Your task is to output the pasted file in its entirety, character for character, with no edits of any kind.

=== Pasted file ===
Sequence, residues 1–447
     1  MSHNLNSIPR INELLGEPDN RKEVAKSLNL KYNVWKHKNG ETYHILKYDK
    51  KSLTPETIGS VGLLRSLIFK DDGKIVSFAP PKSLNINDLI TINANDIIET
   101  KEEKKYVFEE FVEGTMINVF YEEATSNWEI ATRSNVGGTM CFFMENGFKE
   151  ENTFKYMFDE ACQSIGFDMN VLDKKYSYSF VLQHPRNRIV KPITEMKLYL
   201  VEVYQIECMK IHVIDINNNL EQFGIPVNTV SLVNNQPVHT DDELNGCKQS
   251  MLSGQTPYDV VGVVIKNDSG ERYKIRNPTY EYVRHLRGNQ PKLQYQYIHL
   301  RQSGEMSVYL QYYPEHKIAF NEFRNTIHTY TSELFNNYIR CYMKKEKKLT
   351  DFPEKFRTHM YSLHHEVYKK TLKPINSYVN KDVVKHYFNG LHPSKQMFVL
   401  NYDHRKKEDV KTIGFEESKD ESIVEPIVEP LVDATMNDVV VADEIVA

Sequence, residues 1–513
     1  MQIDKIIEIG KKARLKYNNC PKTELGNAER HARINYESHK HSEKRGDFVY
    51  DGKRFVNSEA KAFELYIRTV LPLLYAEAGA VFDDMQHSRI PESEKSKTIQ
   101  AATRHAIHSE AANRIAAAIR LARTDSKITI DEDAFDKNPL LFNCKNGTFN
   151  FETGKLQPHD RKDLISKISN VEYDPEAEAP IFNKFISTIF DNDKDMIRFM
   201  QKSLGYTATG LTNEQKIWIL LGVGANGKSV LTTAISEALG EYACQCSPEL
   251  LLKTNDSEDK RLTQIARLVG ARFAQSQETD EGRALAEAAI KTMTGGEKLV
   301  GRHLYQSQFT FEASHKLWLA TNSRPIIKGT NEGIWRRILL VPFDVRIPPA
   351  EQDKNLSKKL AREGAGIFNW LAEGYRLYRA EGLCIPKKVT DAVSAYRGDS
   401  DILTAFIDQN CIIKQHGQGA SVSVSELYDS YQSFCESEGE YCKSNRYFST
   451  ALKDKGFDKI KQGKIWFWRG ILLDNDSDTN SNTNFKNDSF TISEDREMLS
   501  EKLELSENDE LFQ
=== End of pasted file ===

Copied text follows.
Sequence, residues 1–447
     1  MSHNLNSIPR INELLGEPDN RKEVAKSLNL KYNVWKHKNG ETYHILKYDK
    51  KSLTPETIGS VGLLRSLIFK DDGKIVSFAP PKSLNINDLI TINANDIIET
   101  KEEKKYVFEE FVEGTMINVF YEEATSNWEI ATRSNVGGTM CFFMENGFKE
   151  ENTFKYMFDE ACQSIGFDMN VLDKKYSYSF VLQHPRNRIV KPITEMKLYL
   201  VEVYQIECMK IHVIDINNNL EQFGIPVNTV SLVNNQPVHT DDELNGCKQS
   251  MLSGQTPYDV VGVVIKNDSG ERYKIRNPTY EYVRHLRGNQ PKLQYQYIHL
   301  RQSGEMSVYL QYYPEHKIAF NEFRNTIHTY TSELFNNYIR CYMKKEKKLT
   351  DFPEKFRTHM YSLHHEVYKK TLKPINSYVN KDVVKHYFNG LHPSKQMFVL
   401  NYDHRKKEDV KTIGFEESKD ESIVEPIVEP LVDATMNDVV VADEIVA

Sequence, residues 1–513
     1  MQIDKIIEIG KKARLKYNNC PKTELGNAER HARINYESHK HSEKRGDFVY
    51  DGKRFVNSEA KAFELYIRTV LPLLYAEAGA VFDDMQHSRI PESEKSKTIQ
   101  AATRHAIHSE AANRIAAAIR LARTDSKITI DEDAFDKNPL LFNCKNGTFN
   151  FETGKLQPHD RKDLISKISN VEYDPEAEAP IFNKFISTIF DNDKDMIRFM
   201  QKSLGYTATG LTNEQKIWIL LGVGANGKSV LTTAISEALG EYACQCSPEL
   251  LLKTNDSEDK RLTQIARLVG ARFAQSQETD EGRALAEAAI KTMTGGEKLV
   301  GRHLYQSQFT FEASHKLWLA TNSRPIIKGT NEGIWRRILL VPFDVRIPPA
   351  EQDKNLSKKL AREGAGIFNW LAEGYRLYRA EGLCIPKKVT DAVSAYRGDS
   401  DILTAFIDQN CIIKQHGQGA SVSVSELYDS YQSFCESEGE YCKSNRYFST
   451  ALKDKGFDKI KQGKIWFWRG ILLDNDSDTN SNTNFKNDSF TISEDREMLS
   501  EKLELSENDE LFQ